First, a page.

The reported use of bladed weapons during sexual violence has increased over the past decade, but Government responses lag behind – Iain Overton and Sian Norris report
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The number of women reporting rapes at knifepoint to the police has increased by 268% in over a decade, analysis of government data has revealed.
Research by Byline Times shows that, whereas in 2012/13, there were a reported 174 incidents in England and Wales of rape involving a knife or sharp instrument, by 2021/22 the numbers over a year had risen to 684.
While this shows a significant increase in reported incidents of sexual violence involving bladed weapons, a note of caution is required: when looking at number of rapes recorded by the police which involved a knife as a proportion of the total number of rapes recorded, that rate has remained stable across the decade (0.7 rounded up to 1).
The data also shows the increase of reported rapes at knifepoint – meaning that the rise could be attributed to factors such as improved reporting and recording mechanisms, as opposed to an increase in prevalence.
Meghan Elkin, at the Office for National Statistics, said: “While police recorded sexual offences are the highest annual figures recorded for England and Wales, the crime survey shows no significant change in prevalence. The police figures are influenced by a number of factors including willingness to report.”
However, even with these caveats in place, the numbers of rapes at knifepoint remains concerning. In total, some 5,173 incidents of reported knife-point rape were recorded in England and Wales over the decade, according to ONS data.
Similarly, sexual assaults using bladed weapons rose in the same period from a reported 81 in 2012/13 to 297 attacks. Overall, there 1,710 sexual knife assault incidents not classified as rape were recorded by the Home Office.
The knife crime data is for all police forces in England and Wales, excluding Greater Manchester Police.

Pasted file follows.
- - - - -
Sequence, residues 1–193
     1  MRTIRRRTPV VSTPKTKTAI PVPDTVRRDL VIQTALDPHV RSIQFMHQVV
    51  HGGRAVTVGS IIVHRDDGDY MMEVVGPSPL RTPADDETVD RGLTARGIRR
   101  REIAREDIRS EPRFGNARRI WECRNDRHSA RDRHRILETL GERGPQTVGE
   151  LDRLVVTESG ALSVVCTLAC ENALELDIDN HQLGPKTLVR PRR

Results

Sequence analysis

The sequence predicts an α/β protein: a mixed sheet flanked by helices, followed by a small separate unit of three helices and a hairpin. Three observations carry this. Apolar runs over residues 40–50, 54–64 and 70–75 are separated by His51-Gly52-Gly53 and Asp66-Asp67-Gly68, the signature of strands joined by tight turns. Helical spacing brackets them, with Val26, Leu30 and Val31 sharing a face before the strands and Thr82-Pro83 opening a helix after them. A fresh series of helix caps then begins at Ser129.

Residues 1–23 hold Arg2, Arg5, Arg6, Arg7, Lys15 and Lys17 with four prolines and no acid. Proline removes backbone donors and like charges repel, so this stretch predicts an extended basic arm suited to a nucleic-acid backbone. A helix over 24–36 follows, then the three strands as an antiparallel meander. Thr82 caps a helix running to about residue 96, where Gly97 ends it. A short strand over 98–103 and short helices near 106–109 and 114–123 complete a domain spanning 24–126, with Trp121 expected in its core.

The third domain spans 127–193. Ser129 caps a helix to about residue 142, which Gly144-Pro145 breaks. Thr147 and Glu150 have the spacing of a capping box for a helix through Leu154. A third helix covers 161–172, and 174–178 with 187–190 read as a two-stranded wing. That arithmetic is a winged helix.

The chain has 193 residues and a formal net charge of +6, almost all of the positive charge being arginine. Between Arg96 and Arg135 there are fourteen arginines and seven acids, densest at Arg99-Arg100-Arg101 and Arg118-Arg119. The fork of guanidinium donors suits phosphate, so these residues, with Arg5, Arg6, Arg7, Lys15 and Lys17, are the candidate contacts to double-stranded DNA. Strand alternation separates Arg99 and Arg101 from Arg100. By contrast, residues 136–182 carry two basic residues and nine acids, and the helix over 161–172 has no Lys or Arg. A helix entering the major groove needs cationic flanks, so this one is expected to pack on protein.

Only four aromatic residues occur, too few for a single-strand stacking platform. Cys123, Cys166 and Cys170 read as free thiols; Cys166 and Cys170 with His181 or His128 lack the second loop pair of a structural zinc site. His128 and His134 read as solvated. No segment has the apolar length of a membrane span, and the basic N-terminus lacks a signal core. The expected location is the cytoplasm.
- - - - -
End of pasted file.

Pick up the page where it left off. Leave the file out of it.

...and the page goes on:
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Reported Rapes on the Rise
The Government does not publicly provide a breakdown of how many women and men were reported raped at knife-point. Recent Crime Survey for England and Wales data on gender and rape, however, shows 7.1% of female adults had experienced sexual assault by rape or penetration (including attempts) since the age of 16, compared to 0.5% for men.
As such, it is certain that the vast majority of those reporting they were attacked with a knife and raped were women at the hands of men.
The police reporting of rapes has also been shown marked increases over the past decade. In 2012, there were 9,646 incidents of rape of adult women recorded in England and Wales. A decade later, 2021 saw 46,919 rape incidents recorded. This is an increase of some 386%.
Indeed, according to the ONS, in the year ending September 2022, overall sexual offences recorded by the police were at the highest level ever recorded within a 12-month period (199,021 offences).
However, while reports of rapes have risen significantly – in part due to high-profile cases and related campaigns encouraging women to come forward if they have been a victim – prosecution rates have plummeted. In 2020-21, only 1,557 rapes were prosecuted – a figure that increased slightly in 2021/22 to 2,537.
This increased confidence of women to report rape can only be applauded, but it also casts a darker shadow. This is because there have been countless women in the past who have never reported rape – including at knife-point – to the police.